A Completable, is like a remote API call in the future but has a return type of void.

In this method where the beacon returns a Completable, it will do nothing until I subscribe to it. Once I subscribe to it, there are different callbacks, but the most important one is onComplete, which indicates completion.

Observable - how can they help?

Observables let you define future events. There’s an Operator, which let you define how multiple Observables relate to each other in the future. Because so many things are expected to occur in the future, you want to assert how they’re going to relate to each other.


Operators can create, transform, combine. They can do many things on future events or in our case, future API calls.

This first method returns a Single (see video).

OAuth example

First, you need to get to get an oAuth token, that may or may not require a network call. Because this will occur in the background, we use RxJava to return a Single.

Once the single is finished, we want to combine two future events together with the acquired token. In this example (see video), I chain it the method that gets the token to getBeacon with the Single that first came out.

Operators and Lambdas

One of the first things you’ll run into and it gets ugly very fast: the anonymous inner class. It has one function - it takes a value and returns an output.

Instead, we can convert that to something more simple: a Lambda expression. On the left side of the Lambda expression, is what you’re passing into the anonymous function. And on the right side of the Lambda expression, is what’s spitting out of the anonymous function.

In my experience, RxJava and Lambdas are inextricable - you need to use both of them together.

More Operators

Now that we have a way to deal with events in the future, what if something goes wrong, such as an error? We will have to deal with it with a branch.

doOnError() is an equivalent to a try-catch where if something goes wrong, this is a way that you can mitigate your error.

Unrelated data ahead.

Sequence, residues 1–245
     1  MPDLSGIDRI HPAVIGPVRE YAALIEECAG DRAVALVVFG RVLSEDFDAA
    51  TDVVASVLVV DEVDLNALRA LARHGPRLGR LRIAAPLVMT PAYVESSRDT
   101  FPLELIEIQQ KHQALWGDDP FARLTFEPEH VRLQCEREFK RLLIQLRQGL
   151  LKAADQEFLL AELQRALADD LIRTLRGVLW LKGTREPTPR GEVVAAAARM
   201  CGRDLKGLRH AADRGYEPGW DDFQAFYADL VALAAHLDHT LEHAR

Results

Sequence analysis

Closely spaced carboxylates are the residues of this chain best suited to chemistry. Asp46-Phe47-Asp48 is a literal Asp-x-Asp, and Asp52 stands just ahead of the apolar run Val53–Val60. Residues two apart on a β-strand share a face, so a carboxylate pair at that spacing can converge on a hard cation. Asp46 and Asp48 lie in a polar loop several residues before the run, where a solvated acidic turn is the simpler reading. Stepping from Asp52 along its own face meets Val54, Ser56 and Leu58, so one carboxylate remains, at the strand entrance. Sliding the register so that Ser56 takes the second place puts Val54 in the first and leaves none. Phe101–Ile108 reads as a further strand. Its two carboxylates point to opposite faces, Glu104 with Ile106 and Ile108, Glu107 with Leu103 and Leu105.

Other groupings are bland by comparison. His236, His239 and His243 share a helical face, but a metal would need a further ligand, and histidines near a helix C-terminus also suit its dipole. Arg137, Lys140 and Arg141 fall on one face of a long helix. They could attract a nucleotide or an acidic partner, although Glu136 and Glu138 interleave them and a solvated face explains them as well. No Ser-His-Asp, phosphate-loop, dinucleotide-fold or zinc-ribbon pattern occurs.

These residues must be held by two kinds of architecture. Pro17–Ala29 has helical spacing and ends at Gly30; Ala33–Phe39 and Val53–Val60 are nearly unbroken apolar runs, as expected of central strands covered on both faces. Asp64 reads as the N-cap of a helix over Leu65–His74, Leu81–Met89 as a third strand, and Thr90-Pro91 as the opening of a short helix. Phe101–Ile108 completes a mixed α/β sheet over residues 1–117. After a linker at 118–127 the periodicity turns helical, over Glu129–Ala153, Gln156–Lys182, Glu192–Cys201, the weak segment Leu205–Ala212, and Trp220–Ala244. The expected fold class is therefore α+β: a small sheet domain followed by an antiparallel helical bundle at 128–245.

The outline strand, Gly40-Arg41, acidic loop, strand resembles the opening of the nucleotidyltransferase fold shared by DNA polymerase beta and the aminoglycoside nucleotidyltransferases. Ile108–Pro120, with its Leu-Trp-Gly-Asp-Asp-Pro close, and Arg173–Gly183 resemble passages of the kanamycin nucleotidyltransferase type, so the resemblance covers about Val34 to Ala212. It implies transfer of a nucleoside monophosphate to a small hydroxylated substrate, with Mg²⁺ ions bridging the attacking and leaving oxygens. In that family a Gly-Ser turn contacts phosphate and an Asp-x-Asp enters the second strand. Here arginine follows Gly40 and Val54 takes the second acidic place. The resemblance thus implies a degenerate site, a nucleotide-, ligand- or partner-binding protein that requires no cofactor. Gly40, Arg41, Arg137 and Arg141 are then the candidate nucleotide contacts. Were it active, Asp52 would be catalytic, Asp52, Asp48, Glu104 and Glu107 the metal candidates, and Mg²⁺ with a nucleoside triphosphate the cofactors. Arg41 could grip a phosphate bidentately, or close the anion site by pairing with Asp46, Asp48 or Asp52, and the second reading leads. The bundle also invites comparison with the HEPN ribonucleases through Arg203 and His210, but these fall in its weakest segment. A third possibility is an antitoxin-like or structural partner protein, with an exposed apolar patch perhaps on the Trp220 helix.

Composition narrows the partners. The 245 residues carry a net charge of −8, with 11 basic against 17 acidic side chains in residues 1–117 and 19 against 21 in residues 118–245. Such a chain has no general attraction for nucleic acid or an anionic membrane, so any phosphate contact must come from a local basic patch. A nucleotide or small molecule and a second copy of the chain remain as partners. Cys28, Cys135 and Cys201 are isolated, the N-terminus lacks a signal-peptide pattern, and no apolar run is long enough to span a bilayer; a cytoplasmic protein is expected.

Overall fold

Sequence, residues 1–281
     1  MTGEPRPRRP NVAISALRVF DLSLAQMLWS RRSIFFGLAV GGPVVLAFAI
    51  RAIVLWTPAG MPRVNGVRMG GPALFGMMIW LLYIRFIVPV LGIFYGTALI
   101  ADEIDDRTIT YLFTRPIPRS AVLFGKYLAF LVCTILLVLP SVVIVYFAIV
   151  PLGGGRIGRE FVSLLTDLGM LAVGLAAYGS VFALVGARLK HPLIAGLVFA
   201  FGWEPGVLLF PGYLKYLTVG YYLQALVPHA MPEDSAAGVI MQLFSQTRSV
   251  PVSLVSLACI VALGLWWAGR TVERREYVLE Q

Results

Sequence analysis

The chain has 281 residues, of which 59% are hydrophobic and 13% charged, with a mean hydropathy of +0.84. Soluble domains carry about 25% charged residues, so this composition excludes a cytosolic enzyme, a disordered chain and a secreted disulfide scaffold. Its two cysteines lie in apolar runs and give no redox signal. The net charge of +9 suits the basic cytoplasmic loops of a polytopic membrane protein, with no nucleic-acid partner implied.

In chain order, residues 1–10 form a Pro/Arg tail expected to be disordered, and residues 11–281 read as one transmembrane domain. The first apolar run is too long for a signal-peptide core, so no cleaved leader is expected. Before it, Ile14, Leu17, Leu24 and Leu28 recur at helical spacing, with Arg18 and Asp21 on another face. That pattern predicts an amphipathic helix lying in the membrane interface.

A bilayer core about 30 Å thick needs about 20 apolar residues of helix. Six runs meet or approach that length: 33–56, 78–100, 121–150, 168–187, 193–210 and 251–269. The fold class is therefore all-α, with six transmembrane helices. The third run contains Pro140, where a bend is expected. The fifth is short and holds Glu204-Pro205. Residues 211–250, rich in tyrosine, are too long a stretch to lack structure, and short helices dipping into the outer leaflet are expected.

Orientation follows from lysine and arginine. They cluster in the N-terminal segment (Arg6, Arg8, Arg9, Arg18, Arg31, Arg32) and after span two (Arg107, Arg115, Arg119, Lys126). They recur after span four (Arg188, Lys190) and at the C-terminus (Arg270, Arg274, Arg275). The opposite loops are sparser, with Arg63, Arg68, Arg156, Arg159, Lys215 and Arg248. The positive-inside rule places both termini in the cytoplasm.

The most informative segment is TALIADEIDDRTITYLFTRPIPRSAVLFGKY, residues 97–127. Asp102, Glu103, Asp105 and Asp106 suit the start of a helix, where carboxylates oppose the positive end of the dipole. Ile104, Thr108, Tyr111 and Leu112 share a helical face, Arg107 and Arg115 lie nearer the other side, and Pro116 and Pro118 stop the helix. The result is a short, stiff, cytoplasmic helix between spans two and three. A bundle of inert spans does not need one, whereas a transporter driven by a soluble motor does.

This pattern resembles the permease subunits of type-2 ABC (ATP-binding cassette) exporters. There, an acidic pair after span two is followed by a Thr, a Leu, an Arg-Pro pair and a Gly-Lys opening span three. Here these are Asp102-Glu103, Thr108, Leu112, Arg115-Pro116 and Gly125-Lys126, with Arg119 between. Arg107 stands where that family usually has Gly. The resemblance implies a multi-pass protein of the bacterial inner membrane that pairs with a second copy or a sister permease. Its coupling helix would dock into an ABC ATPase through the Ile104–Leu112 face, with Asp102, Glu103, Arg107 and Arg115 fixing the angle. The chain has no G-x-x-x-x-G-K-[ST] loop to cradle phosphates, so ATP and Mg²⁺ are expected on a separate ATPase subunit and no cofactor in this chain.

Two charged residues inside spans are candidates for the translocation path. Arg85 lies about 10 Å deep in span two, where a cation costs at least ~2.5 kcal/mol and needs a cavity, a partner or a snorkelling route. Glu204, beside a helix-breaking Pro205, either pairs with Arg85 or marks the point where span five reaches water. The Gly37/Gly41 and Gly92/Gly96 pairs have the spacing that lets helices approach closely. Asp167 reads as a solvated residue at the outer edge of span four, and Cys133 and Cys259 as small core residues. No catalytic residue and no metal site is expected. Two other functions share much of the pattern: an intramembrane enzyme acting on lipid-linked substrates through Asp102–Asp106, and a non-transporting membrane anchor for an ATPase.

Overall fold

The getOAuthToken() call returns a Single of type string. I transform that from a string into a beacon into a beacon Single. We start using Singles, Completables, and Observables.

In this example, because this method is returning a Completable, when I initialize the beacon, I want to know when it is completed. If instead of completing, it throws a 404 error, I can mitigate this.

zip() joins together results of one or more future API calls. This is a Completable. This is an Operator that transforms a Completable to a Single. Once that’s completed, we get an OAuthToken because we’re going to need that to do our next step.

timeout() throws an exception when a timeout occurs.

subscribeOn() and observeOn() is what you use to do your back-grounding. Using observeOn will provide callbacks that can be used on the main thread. Callbacks for subscribeOn occur on the background thread instead.

cache() will return the last result indefinitely. When you subscribe, you will be interacting with the cache first, as it’s the last on the Operator chain.


I used RxJava and Google Proximity API to name my nearby device. I embed these in my devices, so I name my devices. First, you convert your local REST API client to RxJava. Retrofit is a library that you use to build a REST client and you can do it by defining an interface. Here, a single Proximity API beacon update request requires seven chained API calls.

Practical RxJava with an Air Cannon


This is my hardware test that I made, a particle photon microprocessor. Is a beacon - this device declares itself to my app.

We updated the beacon using RxJava. When I click on a button, it turns on and off the device.

I will need a volunteer for this. Countdown: 5, 4, 3, 2, 1… (IoT Particle Photon shooting projectiles across the room with compressed air!)

Q & A

Q: With timeout, can you create your own exception/emit a new Observable?

Nicholas: Yes. Instead of emitting a timeout exception, which is what it does by default, you can emit an Observable.

Q: Can each of the calls subscribe on a different thread? Nicholas: Yes you can put subscribers elsewhere.

Q: I noticed that you had a subscribe and observeOn for each of the different chains, what’s the benefit of having it inside of each of the chains instead of having it around the whole call? Nicholas: Because you don’t know who’s going to call your method and you don’t know if they’re going to set you up to run a background thread.

Next Up: RxJava #7 – RxJava by Example - Multicasting

General link arrow white

About the content

This talk was delivered live in April 2017 at Droidcon Boston. The video was recorded, produced, and transcribed by Realm, and is published here with the permission of the conference organizers.

Nicholas DiPatri

Nick DiPatri is an Android consultant at Comcast. He has a degree in Electrical Engineering from Rutgers and has been doing software development since his first Commodore 64. Earlier in his career, Nick developed software/firmware/hardware solutions including RF modelling, large-scale traffic sensor arrays, and N-Tier highly available Java enterprise systems.

4 design patterns for a RESTless mobile integration »